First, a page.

How to Teach Your Kids about Positive Self-Talk

How they can motivate themselves when the going gets tough.

Medically Reviewed by Hansa D. Bhargava, MD on August 13, 2013
4 min read

Kids face new experiences all the time. Making changes, like trying something new or starting healthy habits, can test even the most seasoned grown-ups. So how do you teach kids to motivate themselves in the face of a challenge?

That's where the power of positive self-talk comes in. Whether you’re trying to get your child to try a new sport so they can be more physically active or remind yourself that you can make healthy food choices, positive self-talk can give your family the motivation you need to succeed.

It can build your family’s confidence that you can indeed make healthy changes. If you teach your kids about positive-self talk and how to do it, it can give them the ability to change feelings of “I can’t” to “Yes, I can.”

Positive self-talk is a way people can encourage themselves. Tell your kids that lots of professional athletes use it to keep themselves motivated, confident, and focused on their goals and what they want to achieve. It helps them succeed. For example:

  • NFL quarterback Tom Brady has been known to say: “Try the best you can.”
  • Beach volleyball Olympic gold medalist Kerri Walsh Jennings says: “Breathe, believe, battle.”

You kids may feel better to learn that everyone has doubts – and even pro athletes have setbacks. Positive self-talk can help them keep going. World-class skier Lindsey Vonn says: “When you fall down, just get up again.”

Let kids know that using positive-self talk takes practice. Just like they need to run and play to make their muscles and heart stronger, practicing positive self-talk helps their minds get stronger so they can make healthy choices.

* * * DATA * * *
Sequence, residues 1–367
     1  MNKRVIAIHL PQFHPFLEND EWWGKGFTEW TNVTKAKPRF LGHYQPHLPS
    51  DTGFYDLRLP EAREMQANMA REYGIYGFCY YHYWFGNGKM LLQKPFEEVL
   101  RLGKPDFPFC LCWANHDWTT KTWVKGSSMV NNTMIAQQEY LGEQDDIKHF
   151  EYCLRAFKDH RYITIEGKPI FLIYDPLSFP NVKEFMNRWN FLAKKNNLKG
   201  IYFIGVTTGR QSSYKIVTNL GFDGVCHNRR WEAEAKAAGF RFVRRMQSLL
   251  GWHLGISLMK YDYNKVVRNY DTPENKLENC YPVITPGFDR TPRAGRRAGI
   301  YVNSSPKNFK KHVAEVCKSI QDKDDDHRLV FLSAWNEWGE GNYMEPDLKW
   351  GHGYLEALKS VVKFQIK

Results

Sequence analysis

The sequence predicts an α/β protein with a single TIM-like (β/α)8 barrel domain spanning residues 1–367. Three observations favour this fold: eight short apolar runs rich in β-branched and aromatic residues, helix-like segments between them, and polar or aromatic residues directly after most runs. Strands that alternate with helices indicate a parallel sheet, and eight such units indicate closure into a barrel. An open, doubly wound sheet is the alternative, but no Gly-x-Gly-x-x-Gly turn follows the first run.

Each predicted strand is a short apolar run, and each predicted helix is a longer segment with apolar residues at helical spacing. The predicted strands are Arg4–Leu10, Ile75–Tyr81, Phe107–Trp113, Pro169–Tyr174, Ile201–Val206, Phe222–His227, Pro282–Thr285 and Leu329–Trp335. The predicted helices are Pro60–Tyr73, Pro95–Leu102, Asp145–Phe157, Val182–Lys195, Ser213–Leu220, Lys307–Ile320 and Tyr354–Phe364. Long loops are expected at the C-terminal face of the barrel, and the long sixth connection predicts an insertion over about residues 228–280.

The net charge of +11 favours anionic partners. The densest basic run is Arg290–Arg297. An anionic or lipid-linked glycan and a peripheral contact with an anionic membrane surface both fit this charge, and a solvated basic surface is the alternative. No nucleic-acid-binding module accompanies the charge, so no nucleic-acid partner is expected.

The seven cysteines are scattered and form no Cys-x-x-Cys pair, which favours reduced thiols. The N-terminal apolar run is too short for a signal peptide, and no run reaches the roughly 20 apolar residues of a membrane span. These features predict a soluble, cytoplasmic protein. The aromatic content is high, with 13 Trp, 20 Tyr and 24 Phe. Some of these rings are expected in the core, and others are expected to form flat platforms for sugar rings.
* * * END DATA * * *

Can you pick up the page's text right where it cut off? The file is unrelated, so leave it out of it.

“It’s very important that your child sees that they always have a way to influence the outcome of things with their own effort, and how they look at things,” says parenting expert Laura Markham, PhD, a clinical psychologist and author of Peaceful Parent, Happy Kids: How to Stop Yelling and Start Connecting.

One of the best times is when something seems too hard or makes them nervous. When doubt creeps in, teach them they can do something about it.

The first step is to recognize negative thoughts. Maybe your son wants to play soccer and you think playing a great way to encourage a life-long love of being physically active. But recently he’s been having a hard time and you’ve heard him say, “I always mess up when I try to pass. Nobody’s going to want to play with me. I won’t make the team this year. Why try?”

As an outsider you may be able to see that’s pretty extreme and not likely to happen. You want to teach him to recognize when he’s saying and thinking negative things so he can find motivation to keep going.

However, sometimes recognizing negativity can be tricky, especially if it’s something that you or your kids do out of habit.

Negative thoughts tend to be sweeping, all-or-nothing statements that jump to conclusions. There are certain words that are flags for negative self-talk.

Listen for “I can’t,” “I never” or “I always.”

  • "I can’t score any goals!"
  • "I never have fun because I don't play well!"
  • "I always look bad. I'm the slowest one!"

When your kids say things like this, stop and talk to them. Then you can help them find more positive thoughts to think and say instead.

When you hear them say something negative, take a three-step approach: Find out what's wrong, reassure them, and help them choose a positive statement to say instead.

First, ask why they said what they did. You may learn they are focused on something they “messed up.” Or maybe another child said something mean, like “You’re slow.”

Reassure them that you love them. Then:

  • If another child said something mean, try putting that in context. Say, “They must have had a bad day or feel bad about themselves.”
  • If they feel that they “messed up,” remind them that they’ll have another chance to try again and that there are plenty of things they do well.

Next, ask them to say something positive about themselves. They can repeat those positive and encouraging things to themselves anytime they are about to try something new or difficult. These positive statements can become confidence-builders. For example, “I’m strong and a good teammate.”

He could say this each time he is about to step onto the soccer field or when he feels himself getting nervous.

You can also teach kids to put a positive spin on things if they don't succeed.

Instead of: “I messed up that pass, I am terrible.”

Have them try reframing it like: “That pass didn’t work out like I wanted. I’ll practice passes and try again next game.”

“You’re teaching your child that while you can’t always control what happens to you, you can control the way you see it, and that changes what happens next for the better,” says Markham.